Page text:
This account seems to be given with such circumstance as to preclude the idea that it is merely the idle tale of some lover of the marvelous. We may, therefore, fairly seek to draw some inferences therefrom, which have not been heretofore mentioned by other writers. The first is that the apparatus was some form of aeroplane, because it is likened to a robe instead of a pair of wings, and also because no mention whatever is made of any flapping action. The only active exertion described on the part of the operator is that of the adjustment of the apparatus to the prevailing wind, implying that it was so adjustable that the angle of incidence might be regulated to obtain an ascending effect, and the center of pressure be brought to coincide with the center of pressure to produce fore and aft equilibrium. The second inference is that the force of the wind was the only motive power relied upon, and that the apparatus was not blown away, but rose upon the wind like the gull which has been already described. This being possibly an instance of that mysterious phenomenon of "Aspiration" which was alluded to at the beginning of this account of "Progress in Flying Machines," and which will be found further exemplified when an account is given of the various experiments of Captain Le Bris The third inference is that the defect lay in the maintenance of the equilibrium. That the apparatus started off properly balanced, but that so soon as a change occurred in the conditions, perhaps an erroneous manoeuvre on the part of the Saracen, or perhaps a gust of wind on one side, the aeroplane lost its balance, and disaster ensued.
Only brief allusion need be made in this discussion to the writings of Roger Bacon the eminent philosopher of the thirteenth century 1214-94 He seems to have prophesied both the balloon and the flying machine but not to have tried or related any experiments. His writings will be found noticed in some of the encylopaedias and in Wise's "History and Practice of Aeronautics,'' the latter book containing, moreover, references to the traditions which have here been mentioned, as well as to others which have been omitted.
One of the most celebrated traditions of partial success with a flying machine refers to J. B. Dante an Italian mathematician of Perugia, who toward the end of the fourteenth century seems to have succeeded in constructing a set of artificial wings with which he sailed over the neighboring lake of Trasimene.15 We have no description of the apparatus, but this was presumably an aeroplane, soaring upon the wind, for we have seen abundantly that all experiments have failed with flapping wings, man not having the strength required to vibrate with sufficient rapidity a surface sufficient to carry his weight in the air. Moreover there would be a stronger and steadier wind over a lake than over the land, and the selection of a sheet of water to experiment over was very happy. as it would furnish a yielding bed to fall into if anything went wrong, as is pretty certain to happen upon the first trials. A similar selection has been recommended by D'Esterno and by Mouillard and cannot be too strongly urged upon any future inventor who desires to make similar experiments. With adequate extent of surfaces, and (if he goes up at all) some prudence as to the height to which he allows the wind to carry him, he can thus acquire some insight into the science of the birds, with no greater danger than that of numerous dunkings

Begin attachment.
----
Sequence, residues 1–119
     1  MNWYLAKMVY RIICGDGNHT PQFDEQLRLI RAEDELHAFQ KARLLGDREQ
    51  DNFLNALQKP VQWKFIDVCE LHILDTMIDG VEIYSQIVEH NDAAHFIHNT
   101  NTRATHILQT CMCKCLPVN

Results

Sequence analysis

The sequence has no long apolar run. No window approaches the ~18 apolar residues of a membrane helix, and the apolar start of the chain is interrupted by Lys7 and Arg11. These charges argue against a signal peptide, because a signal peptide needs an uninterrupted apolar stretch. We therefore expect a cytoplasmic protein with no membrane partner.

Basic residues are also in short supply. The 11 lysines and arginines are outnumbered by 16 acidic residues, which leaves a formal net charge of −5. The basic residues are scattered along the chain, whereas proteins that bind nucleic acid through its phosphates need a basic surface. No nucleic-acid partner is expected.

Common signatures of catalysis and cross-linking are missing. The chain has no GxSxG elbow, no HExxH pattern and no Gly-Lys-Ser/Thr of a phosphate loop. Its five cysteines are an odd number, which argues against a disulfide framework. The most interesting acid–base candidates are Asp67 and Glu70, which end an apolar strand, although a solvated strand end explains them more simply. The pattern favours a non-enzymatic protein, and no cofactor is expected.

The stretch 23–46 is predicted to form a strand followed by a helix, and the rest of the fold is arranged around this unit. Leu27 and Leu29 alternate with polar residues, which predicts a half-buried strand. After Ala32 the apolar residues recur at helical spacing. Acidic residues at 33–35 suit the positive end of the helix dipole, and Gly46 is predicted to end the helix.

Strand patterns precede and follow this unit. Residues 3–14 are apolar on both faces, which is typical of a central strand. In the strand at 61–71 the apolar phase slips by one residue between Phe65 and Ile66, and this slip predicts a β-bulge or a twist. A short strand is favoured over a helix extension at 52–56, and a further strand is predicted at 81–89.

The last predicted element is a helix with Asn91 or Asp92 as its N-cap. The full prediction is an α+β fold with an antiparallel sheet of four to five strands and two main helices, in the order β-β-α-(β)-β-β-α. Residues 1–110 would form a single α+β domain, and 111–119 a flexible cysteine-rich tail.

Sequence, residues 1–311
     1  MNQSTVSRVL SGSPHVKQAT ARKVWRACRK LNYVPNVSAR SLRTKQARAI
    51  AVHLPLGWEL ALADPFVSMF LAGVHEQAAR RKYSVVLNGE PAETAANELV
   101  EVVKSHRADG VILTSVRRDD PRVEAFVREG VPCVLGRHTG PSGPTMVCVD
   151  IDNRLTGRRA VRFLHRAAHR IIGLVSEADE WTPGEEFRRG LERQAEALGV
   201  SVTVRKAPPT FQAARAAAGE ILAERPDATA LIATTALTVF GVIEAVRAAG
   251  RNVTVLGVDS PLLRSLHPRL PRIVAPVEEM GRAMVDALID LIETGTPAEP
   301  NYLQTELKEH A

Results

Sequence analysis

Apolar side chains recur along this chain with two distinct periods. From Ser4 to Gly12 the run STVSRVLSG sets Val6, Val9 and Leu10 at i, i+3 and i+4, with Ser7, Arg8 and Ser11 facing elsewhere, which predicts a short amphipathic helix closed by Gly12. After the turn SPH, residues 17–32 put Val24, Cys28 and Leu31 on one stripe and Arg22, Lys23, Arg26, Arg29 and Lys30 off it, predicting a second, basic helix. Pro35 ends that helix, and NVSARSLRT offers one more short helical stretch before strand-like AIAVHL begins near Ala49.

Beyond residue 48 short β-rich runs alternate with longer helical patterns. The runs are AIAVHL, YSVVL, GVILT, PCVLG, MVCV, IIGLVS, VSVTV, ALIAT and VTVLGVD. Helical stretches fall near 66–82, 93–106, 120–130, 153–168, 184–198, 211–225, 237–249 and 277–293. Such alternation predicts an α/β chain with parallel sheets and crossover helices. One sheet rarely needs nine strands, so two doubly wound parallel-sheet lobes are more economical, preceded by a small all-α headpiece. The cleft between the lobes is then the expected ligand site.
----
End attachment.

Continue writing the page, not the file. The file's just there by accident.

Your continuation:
Whether Dante grew overbold with some preliminary successes, or whether he was impatient to display his achievement before his fellow-citizens and his sovereign, he attempted to repeat the feat in Perugia, on the occasion of the marriage of Bartholomew Alviano with the sister of Jean Paul Baglioni. Starting from the top of the highest tower in the city of Perugia, he sailed across the public square and balanced himself for a long time in the air, amid the acclamations of the multitude. Unfortunately the iron forging which managed his left wing suddenly broke, so that he fell upon Notre Dame Church and had one leg broken. Upon his recovery he seems to have given up further experiment, but went to teach mathematics at Venice, where he died of a fever before he had reached forty years of age.
Granting the tradition to be true, the apparatus used by Dante must have been more manageable than any of its predecessors, for the accident is said to have been due to a breakage instead of a loss of balance. The latter, however, must have been still deficient, or Dante would have renewed his experiments with a stronger forging. He may have reasoned, moreover, that as the wind does not blow with the requisite speed every day, and he knew of no sufficiently light motor to take its place, the use of a soaring machine would be very limited; but it is very unfortunate that we should have no description of the machine and its mode of operation.
10 Assuming a bird in horizontal
flight to develop 425 ft. lbs. per minute for each pound of his weight, the
sustaining reaction will be 33.000/425 = 77 lbs. per horse power.
11Bescherelle, Histoire des Ballons, 1852.
12Fraffigny, La Navigation Aérienne, 1888.
132. Mouillard, L'Empire de l'Air, 1881. Page 22.
15Bescherelle, Histoire des Ballons.
16 Tissandier, La Navigation Aérienne. Bescherelle, Histoire des Ballons.